Police at the Station and They Don’t Look Friendly (Serpent’s Tail, €15.99) is the sixth in Adrian McKinty’s increasingly impressive series to feature Sean Duffy, a Catholic detective working for the RUC during Northern Ireland’s ‘Troubles’. The mystery begins with a bizarre murder, when drug dealer Francis Deauville is shot to death with a crossbow, but when Duffy starts to wonder why an ‘independent’ drug dealer who has been paying protection to the paramilitaries has been assassinated in such an exotic fashion, he finds himself assailed on all sides. Persecuted by Internal Affairs and fending off IRA attacks, Duffy digs deep into Northern Ireland’s recent past to uncover a tale of collusion and unsolved murder. The plot is as tortuously twisting as McKinty’s readers have come to expect but it’s the tone that proves the novel’s most enjoyable aspect, as Duffy delivers a first-person tale of cheerfully grim fatalism and Proddy-Taig banter, the story chock-a-block with cultural references, from NWA and Kylie Minogue to Miami Vice and The Myth of Sisyphus.


Fri, 01 Sep 2017 17:13:00 +0000

I was born in Sligo, Ireland, in 1969.

I have published six novels to date:

The Lost and the Blind (2014)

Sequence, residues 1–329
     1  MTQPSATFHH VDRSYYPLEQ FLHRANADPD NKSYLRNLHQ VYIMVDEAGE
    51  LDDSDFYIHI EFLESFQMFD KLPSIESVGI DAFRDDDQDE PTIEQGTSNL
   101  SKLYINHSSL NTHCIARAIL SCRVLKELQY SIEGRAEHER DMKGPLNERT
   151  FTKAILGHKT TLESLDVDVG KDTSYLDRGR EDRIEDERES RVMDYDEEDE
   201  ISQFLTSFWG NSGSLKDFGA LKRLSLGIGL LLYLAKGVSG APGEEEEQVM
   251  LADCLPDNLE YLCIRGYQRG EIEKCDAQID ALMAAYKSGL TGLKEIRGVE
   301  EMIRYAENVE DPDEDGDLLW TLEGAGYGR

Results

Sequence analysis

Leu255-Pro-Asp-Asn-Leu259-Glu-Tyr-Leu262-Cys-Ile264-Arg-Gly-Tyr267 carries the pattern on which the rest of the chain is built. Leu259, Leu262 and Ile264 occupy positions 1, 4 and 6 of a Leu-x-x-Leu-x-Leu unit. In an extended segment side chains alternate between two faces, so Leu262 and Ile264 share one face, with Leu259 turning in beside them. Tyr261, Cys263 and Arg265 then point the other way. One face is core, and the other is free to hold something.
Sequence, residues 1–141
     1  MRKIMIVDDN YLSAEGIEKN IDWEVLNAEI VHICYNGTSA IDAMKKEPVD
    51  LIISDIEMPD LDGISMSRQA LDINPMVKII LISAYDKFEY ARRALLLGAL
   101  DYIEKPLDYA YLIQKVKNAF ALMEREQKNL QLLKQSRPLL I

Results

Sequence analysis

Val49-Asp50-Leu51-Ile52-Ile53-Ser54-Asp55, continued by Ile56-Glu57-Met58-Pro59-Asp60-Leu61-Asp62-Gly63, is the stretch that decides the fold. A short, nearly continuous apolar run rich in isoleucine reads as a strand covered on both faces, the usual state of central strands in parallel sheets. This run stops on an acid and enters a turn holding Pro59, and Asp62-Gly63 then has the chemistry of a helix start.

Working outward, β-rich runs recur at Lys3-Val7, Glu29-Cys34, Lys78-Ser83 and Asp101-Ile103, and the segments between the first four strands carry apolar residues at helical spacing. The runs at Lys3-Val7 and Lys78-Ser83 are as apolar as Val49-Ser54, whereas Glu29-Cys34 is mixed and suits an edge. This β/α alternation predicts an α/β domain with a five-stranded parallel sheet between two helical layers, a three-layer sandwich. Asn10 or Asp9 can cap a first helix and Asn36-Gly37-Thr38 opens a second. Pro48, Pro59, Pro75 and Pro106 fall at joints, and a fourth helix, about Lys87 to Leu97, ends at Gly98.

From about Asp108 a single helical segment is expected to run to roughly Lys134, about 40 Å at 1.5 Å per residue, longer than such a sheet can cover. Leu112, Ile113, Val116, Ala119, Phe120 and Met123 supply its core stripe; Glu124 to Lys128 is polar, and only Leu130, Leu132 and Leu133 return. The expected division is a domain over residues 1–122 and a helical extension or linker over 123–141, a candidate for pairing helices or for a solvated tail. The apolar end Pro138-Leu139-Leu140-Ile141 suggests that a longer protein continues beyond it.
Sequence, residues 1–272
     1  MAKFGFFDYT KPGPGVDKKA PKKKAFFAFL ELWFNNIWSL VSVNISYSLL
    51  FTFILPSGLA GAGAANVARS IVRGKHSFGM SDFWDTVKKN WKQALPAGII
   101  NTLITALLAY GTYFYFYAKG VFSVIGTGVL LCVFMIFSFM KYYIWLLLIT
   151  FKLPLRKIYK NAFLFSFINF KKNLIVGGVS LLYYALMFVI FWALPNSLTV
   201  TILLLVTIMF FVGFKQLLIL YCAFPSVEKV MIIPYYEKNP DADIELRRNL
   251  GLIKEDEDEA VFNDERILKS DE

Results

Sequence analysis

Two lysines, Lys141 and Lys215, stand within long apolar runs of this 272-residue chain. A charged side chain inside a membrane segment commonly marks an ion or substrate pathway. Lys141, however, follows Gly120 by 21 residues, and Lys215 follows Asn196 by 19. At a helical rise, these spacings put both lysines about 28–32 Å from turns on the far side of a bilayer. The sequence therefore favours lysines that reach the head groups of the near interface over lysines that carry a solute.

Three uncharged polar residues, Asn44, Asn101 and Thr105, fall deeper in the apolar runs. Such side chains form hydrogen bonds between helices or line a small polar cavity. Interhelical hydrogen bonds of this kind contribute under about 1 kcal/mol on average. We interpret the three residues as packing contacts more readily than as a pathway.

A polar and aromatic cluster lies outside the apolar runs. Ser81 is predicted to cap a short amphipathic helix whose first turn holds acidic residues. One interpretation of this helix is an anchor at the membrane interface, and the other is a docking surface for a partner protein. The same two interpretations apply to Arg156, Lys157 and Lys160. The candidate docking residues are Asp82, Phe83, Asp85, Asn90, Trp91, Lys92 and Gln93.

Crime Always Pays (2014)
Slaughter’s Hound (2012)
Absolute Zero Cool (2011)
The Big O (2007)
Eightball Boogie (2003)

I am the editor of three titles:

Trouble is Our Business (2016)
Books to Die For (with John Connolly) (2012)
Down These Green Streets (2011)

Absolute Zero Cool won the Goldsboro Award for Best Comic Crime Fiction in 2012. Books to Die For won the Anthony, Macavity and Agatha awards in 2013.

Eightball Boogie, Absolute Zero Cool and Slaughter’s Hound were all shortlisted in the crime fiction category at the Irish Book Awards.

As a journalist and critic, I write and broadcast on books and film for a variety of media outlets, including the Irish Times, RTE and the Irish Examiner.

Contact: dbrodb[@]

Event: NOIRELAND Crime Fiction Festival, October 27th to 29th

Fri, 01 Sep 2017 12:45:00 +0000

The inaugural NOIRELAND International Crime Fiction Festival will take place in Belfast from October 27th to 29th, featuring – and here, as always, we defer to the blurb elves – “the best in local talent, guest appearances by international crime-writing stars, and in-depth conversations with some of the greatest screenwriters to put crime dramas on the screen.
  “NOIRELAND is the brainchild of David Torrans who established the No Alibis Book Store twenty years ago and has been at the forefront promoting Irish crime fiction and bringing the greatest international crime writers to Belfast.”
  The three-day event will feature Irish writers Stuart Neville, Liz Nugent, Brian McGilloway, Adrian McKinty, Benjamin Black, Jo Spain, Claire McGowan, Anthony Quinn, Andrea Carter, Steve Cavanagh and Eoin McNamee, while Sophie Hannah, Arne Dahl, Robert Crais, Martin Edwards, Ruth Ware, Louise Welsh, Graeme McCrae Burnet, Abir Mukherjee, Ali Land and Steve Mosby are some of the international authors taking part.
  For all the details, including how to book tickets, clickety-click here